This week, we speak with Mike Rusher, who’s been analyzing elections data since 2010, about a statewide perspective on November’s mid-terms. Rusher is the vice president for public …
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This week, we speak with Mike Rusher, who’s been analyzing elections data since 2010, about a statewide perspective on November’s mid-terms. Rusher is the vice president for public affairs at The Results Company, a communications and strategic consulting firm in Raleigh. During his career he’s worked with nonprofit organizations and political campaigns and state government and governmental affairs. Rusher began packaging election data tracking and analysis to his clients in 2010. He earned a degree in political science and concentration in state government from the University of North Carolina at Greensboro
This year’s mid-term elections featured high voter turnout and quite a few extremely close races around North Carolina. What were your overall impressions about this election?
North Carolina missed the message about 2018 being a low turnout mid-term with 52 percent turnout, blasting past 2014’s turnout of 44 percent and 2010’s turnout of 43.6 percent. We had a record number of candidates running for state house and senate seats as nearly each of the 170 contests featured both a Republican and a Democratic candidate.
However, on election night the urban-rural divide was easy to see. Wake and Mecklenberg counties paved the way for smaller Republican majorities in the North Carolina General Assembly. Only a duo of Republican lawmakers were chosen on election day in the state’s most populous counties, Wake (Raleigh) and Mecklenburg (Charlotte). No State House Republicans made it through election day there, and Senator John Alexander was the last Senate Republican standing. In Mecklenburg, Senator Dan Bishop was the last Republican standing in the Senate.
Overall, Democrats picked up 10 seats in the State House and six seats in the State Senate. In the Senate chamber, Democrats will hold 21 Senate seats to Republicans’ 29 when the new legislative session begins next year. In the House chamber, Democrats will have 55 seats in the House to Republicans’ 65.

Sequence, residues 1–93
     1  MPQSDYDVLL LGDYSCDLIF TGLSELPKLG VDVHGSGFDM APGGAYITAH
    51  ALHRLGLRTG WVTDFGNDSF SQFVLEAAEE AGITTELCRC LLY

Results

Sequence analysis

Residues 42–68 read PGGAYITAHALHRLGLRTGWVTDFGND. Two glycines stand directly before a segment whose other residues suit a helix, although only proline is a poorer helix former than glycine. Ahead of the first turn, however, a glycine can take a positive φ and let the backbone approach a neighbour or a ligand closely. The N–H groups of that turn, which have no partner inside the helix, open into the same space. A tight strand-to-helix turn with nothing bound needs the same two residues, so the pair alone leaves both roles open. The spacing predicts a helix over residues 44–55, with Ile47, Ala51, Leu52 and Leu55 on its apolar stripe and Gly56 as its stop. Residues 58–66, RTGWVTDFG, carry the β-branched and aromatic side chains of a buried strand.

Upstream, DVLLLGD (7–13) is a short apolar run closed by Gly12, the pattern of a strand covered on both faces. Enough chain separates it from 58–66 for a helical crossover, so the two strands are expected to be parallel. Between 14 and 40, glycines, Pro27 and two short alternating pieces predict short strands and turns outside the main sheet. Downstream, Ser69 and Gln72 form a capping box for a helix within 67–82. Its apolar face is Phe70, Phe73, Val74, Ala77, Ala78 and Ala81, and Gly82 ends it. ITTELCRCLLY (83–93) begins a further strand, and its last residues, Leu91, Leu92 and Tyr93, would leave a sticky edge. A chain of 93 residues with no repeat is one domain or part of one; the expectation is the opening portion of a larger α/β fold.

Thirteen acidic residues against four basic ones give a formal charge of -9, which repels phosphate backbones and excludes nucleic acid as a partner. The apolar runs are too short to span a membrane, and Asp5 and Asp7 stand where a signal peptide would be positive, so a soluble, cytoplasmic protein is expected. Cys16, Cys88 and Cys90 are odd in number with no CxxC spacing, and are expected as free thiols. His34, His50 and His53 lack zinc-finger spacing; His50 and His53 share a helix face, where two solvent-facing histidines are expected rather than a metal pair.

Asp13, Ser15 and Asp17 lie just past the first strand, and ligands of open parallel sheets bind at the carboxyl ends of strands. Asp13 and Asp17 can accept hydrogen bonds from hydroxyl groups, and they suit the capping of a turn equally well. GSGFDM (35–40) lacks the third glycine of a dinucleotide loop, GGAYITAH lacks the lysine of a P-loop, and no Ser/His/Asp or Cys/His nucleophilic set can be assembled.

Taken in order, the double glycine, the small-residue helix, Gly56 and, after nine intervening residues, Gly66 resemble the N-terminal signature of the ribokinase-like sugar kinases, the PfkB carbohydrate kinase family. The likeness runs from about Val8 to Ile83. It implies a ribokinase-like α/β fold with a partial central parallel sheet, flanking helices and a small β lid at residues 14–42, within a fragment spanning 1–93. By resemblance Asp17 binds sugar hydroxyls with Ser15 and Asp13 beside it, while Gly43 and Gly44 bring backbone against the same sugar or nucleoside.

Though North Carolina also played host to three battleground U.S. Congressional races this year, in the end they yielded no surprises. By tracking early voting results and comparing to past elections, there were clear trends developing in late October, well before election day. Most importantly, the “blue wave” didn’t happen as advertised. Halfway through the expanded early voting calendar, the results showed not only were Republicans ahead of expectations in the 9th and 2nd district battlegrounds, but that they were far ahead in the 13th. These trends were solidified by the 18th day of early voting in 2018, a year in which 55 percent of the total 3.71 million ballots were cast before election day.
In lieu of the congressional results, gerrymandering will inevitably become a focal point in our state’s politics. Yes, Republicans won 77 percent of the state’s congressional seats Tuesday night on the strength of 51 percent of the votes cast – but is this anything but an accurate measure of what our state’s congressional delegation should look like politically. In the months leading up to the election, polling indicated these districts were up for grabs, and leads changed hands multiple times in the battleground districts of the 2nd, 9th and 13th. Further, each district, campaign, and candidate message were unique enough to pierce this blanket measurement of applying a popular vote percentage across individual districts. Lastly, North Carolina’s current governor and latest elected State Supreme Court Justice both won their elections without clearing the 50 percent threshold, yet they now represent 100 percent of the state. I believe we should frame this debate better than special interest groups who cherry pick statistics to fit their rhetoric.
What role did young voters play?
Year after year a large portion of election coverage tends to drift towards the elusive block of young voters. Though we don’t yet have 2018’s election day statistics, we know through early voting that 18- to 30-year-olds continue to be the smallest block of voters compared to 31-44, 45-65, and 65 and above groups. In fact, in 2018 just 9.5 percent of all votes cast in the early vote period were from the 18- to 30-year-old voting bloc. This is well below that group’s 2016 levels and slightly above 2014 levels.